Provide a comfortable environment and a welcoming spirit. Be excited to see them and they will be excited to see you! Kindness and positivity are contagious. I want the headshot session to feel like the client and I are on the same team, so I treat them as such. I believe if you want to photograph people well, then you need to study people. Observe their physical and emotional reactions, and learn how to communicate what you want to say. The camera photographs thought, and as I went over in my first post on Fstoppers, Investigating the Human Expression, learning how to train your finger to press the shutter when you see those thoughts is what can help take your images to the next level. However, providing the atmosphere where a client feels they can be themselves in is what will help trigger those “thoughts”. Learning how to communicate with all people regardless of your potential differences in views will allow you to be able to set people at ease.

I shoot almost everyone outside. I feel this helps people get relaxed. I try to keep the session feeling like almost more of a social engagement than a business transaction. If you don’t shoot outside then certainly your studio is the place you want to make comfortable. Tell the client they can bring some music, sit and chat with them while they hang their clothes up, and offer your opinions about what you like best from their wardrobe options. Having your client sitting is also something that can help them feel more comfortable. Later in the shoot you can always move to standing if they prefer.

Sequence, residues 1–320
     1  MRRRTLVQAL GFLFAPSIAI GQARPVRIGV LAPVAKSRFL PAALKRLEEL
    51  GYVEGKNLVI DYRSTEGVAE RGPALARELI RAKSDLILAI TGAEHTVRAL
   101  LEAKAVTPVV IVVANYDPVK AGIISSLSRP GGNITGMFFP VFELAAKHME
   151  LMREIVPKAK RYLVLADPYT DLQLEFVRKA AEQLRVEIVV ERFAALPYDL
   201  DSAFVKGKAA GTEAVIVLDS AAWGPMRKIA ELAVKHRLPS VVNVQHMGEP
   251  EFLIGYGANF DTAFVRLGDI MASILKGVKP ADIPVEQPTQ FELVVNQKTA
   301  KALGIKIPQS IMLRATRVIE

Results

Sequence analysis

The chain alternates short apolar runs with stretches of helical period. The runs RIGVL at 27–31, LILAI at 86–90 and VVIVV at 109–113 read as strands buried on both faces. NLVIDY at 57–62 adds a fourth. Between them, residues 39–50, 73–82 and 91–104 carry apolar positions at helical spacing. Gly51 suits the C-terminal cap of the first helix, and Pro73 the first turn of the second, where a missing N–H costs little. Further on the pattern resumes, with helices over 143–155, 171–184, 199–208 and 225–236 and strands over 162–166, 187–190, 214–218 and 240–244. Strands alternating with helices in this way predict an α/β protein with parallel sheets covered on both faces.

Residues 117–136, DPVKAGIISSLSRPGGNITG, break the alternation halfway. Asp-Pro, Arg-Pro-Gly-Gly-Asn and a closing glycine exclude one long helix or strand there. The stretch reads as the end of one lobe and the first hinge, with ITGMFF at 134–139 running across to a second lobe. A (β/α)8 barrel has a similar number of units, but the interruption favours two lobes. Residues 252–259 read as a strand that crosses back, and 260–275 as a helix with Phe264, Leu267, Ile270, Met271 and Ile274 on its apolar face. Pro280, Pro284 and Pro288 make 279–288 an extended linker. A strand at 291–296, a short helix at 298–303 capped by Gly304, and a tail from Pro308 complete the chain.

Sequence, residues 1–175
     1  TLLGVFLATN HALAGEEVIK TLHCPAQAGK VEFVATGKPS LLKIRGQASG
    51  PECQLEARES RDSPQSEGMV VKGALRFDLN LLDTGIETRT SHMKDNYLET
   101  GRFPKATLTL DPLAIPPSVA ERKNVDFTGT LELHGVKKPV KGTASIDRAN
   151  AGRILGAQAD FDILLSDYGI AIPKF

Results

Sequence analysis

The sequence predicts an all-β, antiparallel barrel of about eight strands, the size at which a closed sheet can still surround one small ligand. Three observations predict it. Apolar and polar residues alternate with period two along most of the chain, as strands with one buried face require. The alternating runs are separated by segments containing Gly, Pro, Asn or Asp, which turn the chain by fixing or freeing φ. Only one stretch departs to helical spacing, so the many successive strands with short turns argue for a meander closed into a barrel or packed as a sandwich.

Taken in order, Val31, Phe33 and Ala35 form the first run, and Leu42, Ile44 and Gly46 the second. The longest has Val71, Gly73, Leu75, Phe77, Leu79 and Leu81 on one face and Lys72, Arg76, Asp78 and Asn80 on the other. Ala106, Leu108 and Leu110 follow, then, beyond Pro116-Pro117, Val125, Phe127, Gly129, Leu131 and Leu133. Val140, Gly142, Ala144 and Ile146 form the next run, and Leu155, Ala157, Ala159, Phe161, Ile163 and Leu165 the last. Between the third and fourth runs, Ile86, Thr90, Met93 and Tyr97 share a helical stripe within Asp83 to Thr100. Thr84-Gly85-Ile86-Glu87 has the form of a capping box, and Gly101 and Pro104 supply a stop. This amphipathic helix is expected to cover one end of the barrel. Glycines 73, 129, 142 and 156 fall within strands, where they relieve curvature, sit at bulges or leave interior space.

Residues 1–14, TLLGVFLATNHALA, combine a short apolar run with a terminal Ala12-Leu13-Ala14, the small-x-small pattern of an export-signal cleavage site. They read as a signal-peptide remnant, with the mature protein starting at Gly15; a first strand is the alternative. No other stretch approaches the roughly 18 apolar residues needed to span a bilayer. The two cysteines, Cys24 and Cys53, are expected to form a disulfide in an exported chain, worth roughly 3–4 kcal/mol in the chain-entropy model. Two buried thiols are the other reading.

Also consider your space: have some nice lighting, maybe paint a few accent walls a warmer color, etc. It’s long been known that warmer colors make people feel happier. Create a vibe, and make sure it’s your own. Throughout this whole process it’s important that you take the same advice you are giving your clients. You need to be confident in who you are, what you can do, and comfortable in your own skin. Lastly, (I’ll probably catch some flak for this) if your clients are of age, and you feel it’s appropriate, have a beer or a glass of wine with them. It makes it a social engagement, and we all know a little alcohol can help loosen people up. It goes without saying though... don’t over do it!

Focus

The last challenge to overcome is focus. This is a big one for me. I want my clients focused when it is time to work. The more focused they are, the better the shots are. We have talked above about providing a comfortable vibe and environment, and maybe having a beer…  but when it’s time to work, the more you coach them to really focus on the task at hand, the better the results will be. I want them zeroing in on my lens like a missile. Often times once you have them relaxed, you’ve gone through their wardrobe, and had a few laughs together your client will be ready to work. The only potential drawback to having a makeup artist or other assistants on the shoot with you is that sometimes it can be distracting for certain clients. They can tend to chat with the makeup artist too much about skin or clothes or whatever, and it can lead to losing that focus. It is important to control your set and inform whoever is working with you exactly what you need from them for each shoot. More focus on everyone’s part is never a bad thing. Just balance it with the fun times and you will be good to go.